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Estimating the Greenland ice sheet surface mass balance contribution to future sea level rise using the regional atmospheric climate model MAR
Fettweis, X.; Franco, B.; Tedesco, M.; van Angelen, J.H.; Lenaerts, J.T.M.; van den Broeke, M.R.; Gallee, H. (2013). Estimating the Greenland ice sheet surface mass balance contribution to future sea level rise using the regional atmospheric climate model MAR. Cryosphere 7(2): 469-489. http://dx.doi.org/10.5194/tc-7-469-2013
In: The Cryosphere. Copernicus: Göttingen. ISSN 1994-0416, more
Peer reviewed article  

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  • Fettweis, X., more
  • Franco, B., more
  • Tedesco, M.
  • van Angelen, J.H.
  • Lenaerts, J.T.M., more
  • van den Broeke, M.R.
  • Gallee, H.

Abstract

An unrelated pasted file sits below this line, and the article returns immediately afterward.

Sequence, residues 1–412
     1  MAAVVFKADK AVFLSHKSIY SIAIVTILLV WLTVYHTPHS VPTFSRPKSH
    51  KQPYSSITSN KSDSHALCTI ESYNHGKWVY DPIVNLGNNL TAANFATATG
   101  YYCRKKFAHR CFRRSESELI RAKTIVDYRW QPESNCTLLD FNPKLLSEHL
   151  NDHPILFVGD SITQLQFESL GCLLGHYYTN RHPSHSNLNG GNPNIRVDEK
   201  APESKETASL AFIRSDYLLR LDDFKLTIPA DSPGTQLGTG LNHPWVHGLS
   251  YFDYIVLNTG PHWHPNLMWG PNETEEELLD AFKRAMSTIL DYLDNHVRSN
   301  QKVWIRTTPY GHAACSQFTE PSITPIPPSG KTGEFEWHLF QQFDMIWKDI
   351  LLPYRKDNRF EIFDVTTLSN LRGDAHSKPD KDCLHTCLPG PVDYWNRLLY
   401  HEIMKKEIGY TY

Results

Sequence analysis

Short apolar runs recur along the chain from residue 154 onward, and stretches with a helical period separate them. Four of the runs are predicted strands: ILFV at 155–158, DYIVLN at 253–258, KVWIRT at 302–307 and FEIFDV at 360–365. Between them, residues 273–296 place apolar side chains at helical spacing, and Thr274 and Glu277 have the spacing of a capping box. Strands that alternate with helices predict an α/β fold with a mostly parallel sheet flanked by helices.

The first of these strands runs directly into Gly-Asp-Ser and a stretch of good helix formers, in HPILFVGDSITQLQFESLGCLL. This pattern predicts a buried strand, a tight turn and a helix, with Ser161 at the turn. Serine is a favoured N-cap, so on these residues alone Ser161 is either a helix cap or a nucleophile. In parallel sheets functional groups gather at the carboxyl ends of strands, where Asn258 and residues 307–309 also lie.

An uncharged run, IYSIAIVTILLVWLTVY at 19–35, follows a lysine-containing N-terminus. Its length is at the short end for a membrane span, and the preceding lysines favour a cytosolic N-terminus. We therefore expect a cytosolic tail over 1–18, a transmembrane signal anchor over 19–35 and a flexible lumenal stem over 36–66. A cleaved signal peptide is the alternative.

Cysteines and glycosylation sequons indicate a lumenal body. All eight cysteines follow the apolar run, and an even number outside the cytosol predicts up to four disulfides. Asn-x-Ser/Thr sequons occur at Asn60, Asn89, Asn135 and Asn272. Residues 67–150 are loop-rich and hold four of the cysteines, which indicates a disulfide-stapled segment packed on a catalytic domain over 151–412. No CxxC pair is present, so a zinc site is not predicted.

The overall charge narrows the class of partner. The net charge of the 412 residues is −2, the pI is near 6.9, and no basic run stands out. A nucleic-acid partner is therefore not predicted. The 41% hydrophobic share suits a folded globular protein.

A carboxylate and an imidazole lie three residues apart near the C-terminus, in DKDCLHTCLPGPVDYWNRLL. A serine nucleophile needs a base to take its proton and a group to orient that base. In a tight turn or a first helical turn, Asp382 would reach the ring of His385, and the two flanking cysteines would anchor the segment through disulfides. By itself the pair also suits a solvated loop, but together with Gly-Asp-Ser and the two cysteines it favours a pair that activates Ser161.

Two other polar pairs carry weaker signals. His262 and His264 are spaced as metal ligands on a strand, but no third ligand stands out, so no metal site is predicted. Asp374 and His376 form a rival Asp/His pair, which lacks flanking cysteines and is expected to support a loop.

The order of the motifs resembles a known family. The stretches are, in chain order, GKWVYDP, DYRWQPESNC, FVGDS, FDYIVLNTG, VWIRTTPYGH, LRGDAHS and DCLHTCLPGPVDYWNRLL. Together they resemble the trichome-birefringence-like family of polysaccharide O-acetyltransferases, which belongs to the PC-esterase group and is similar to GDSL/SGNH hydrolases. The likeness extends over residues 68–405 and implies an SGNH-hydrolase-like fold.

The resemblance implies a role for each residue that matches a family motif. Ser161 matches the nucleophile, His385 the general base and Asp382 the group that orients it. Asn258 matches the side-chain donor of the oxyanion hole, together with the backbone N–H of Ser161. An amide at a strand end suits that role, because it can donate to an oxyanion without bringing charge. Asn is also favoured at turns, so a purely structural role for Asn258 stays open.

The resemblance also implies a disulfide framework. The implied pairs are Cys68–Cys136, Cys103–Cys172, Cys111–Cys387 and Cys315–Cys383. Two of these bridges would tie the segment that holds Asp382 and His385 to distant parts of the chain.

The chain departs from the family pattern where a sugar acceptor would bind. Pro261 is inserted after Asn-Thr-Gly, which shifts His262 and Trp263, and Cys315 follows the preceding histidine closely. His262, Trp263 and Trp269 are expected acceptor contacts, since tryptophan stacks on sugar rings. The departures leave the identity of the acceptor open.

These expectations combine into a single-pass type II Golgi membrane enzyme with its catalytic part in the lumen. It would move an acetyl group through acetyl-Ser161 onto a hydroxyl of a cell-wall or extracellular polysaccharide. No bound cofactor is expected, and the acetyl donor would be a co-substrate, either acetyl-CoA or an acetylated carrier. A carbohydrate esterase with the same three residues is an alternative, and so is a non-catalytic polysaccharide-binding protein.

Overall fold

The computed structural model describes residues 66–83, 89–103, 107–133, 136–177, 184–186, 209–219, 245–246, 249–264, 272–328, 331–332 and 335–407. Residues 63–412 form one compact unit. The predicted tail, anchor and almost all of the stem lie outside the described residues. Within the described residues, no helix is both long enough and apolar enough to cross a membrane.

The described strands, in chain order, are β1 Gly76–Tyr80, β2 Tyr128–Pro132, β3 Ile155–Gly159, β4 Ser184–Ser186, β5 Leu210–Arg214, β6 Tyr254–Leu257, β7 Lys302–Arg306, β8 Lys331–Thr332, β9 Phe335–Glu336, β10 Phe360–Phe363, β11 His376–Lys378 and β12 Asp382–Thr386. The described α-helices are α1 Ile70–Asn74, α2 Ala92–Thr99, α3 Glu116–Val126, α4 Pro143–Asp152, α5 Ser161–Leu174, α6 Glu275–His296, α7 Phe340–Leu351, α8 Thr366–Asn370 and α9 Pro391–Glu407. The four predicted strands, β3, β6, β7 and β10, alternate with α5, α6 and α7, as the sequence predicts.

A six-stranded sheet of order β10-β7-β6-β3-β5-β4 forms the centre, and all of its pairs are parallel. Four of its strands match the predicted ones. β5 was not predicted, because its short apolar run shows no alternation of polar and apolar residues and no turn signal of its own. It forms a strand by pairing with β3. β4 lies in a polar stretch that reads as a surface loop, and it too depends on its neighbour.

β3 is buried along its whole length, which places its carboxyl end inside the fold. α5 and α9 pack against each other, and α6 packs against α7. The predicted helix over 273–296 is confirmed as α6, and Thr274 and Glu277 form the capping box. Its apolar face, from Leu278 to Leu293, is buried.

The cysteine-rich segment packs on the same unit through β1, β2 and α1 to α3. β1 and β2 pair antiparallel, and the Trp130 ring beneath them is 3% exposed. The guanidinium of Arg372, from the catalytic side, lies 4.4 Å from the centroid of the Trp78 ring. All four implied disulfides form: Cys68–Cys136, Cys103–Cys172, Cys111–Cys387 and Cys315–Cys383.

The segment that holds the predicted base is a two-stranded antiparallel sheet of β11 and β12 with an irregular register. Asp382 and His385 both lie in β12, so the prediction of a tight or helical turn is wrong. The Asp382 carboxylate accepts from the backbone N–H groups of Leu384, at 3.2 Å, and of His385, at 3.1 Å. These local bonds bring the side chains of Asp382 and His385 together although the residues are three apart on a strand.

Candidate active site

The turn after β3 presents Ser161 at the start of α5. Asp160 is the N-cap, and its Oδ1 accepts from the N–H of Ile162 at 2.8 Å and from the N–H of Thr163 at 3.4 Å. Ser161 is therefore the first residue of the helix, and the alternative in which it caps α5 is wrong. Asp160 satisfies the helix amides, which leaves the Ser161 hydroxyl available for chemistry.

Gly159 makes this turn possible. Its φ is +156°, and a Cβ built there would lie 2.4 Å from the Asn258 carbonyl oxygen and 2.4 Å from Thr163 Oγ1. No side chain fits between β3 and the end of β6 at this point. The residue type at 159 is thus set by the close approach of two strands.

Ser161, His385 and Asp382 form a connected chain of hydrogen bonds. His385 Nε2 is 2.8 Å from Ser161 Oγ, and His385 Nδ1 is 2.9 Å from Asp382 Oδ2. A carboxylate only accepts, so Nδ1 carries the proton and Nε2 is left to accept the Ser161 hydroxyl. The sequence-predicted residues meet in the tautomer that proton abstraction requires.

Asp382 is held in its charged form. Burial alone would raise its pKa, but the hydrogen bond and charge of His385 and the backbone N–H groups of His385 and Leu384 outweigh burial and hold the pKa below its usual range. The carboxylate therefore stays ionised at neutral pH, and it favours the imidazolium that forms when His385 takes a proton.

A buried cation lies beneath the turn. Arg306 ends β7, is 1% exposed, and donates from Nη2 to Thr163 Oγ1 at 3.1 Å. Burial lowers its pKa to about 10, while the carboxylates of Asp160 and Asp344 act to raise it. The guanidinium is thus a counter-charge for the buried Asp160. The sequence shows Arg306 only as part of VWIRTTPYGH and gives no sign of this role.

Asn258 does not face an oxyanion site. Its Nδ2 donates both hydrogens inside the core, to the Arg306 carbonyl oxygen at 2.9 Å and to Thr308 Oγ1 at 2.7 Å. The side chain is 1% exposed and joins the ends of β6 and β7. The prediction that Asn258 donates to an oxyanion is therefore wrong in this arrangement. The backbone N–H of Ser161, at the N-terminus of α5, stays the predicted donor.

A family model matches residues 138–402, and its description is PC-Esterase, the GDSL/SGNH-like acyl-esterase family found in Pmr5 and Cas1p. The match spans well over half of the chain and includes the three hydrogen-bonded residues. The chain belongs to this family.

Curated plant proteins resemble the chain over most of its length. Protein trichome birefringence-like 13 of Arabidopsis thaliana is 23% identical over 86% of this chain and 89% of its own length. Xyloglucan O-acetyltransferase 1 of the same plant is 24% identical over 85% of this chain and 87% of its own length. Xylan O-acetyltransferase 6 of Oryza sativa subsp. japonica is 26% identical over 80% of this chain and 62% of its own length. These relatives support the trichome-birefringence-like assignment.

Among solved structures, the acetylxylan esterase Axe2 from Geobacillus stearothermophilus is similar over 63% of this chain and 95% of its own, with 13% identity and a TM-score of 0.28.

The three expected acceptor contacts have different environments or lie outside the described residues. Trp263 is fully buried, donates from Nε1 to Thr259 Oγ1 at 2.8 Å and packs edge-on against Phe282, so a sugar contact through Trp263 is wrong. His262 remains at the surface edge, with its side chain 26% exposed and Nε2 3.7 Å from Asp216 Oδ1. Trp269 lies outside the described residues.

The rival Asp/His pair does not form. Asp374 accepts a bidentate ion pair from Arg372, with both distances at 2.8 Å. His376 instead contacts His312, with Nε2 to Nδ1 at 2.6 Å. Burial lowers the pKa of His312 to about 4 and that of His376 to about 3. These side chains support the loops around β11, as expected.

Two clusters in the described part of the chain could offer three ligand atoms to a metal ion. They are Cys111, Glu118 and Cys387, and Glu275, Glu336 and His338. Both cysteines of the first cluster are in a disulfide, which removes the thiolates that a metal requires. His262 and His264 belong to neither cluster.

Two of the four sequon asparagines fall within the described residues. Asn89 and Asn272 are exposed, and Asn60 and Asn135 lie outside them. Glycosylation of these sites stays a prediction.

To estimate the sea level rise (SLR) originating from changes in surface mass balance (SMB) of the Greenland ice sheet (GrIS), we present 21st century climate projections obtained with the regional climate model MAR (Modele Atmospherique Regional), forced by output of three CMIP5 (Coupled Model Intercomparison Project Phase 5) general circulation models (GCMs). Our results indicate that in a warmer climate, mass gain from increased winter snowfall over the GrIS does not compensate mass loss through increased meltwater run-off in summer. Despite the large spread in the projected near-surface warming, all the MAR projections show similar non-linear increase of GrIS surface melt volume because no change is projected in the general atmospheric circulation over Greenland. By coarsely estimating the GrIS SMB changes from GCM output, we show that the uncertainty from the GCM-based forcing represents about half of the projected SMB changes. In 2100, the CMIP5 ensemble mean projects a GrIS SMB decrease equivalent to a mean SLR of +4 +/- 2 cm and +9 +/- 4 cm for the RCP (Representative Concentration Pathways) 4.5 and RCP 8.5 scenarios respectively. These estimates do not consider the positive melt-elevation feedback, although sensitivity experiments using perturbed ice sheet topographies consistent with the projected SMB changes demonstrate that this is a significant feedback, and highlight the importance of coupling regional climate models to an ice sheet model. Such a coupling will allow the assessment of future response of both surface processes and ice-dynamic changes to rising temperatures, as well as their mutual feedbacks.

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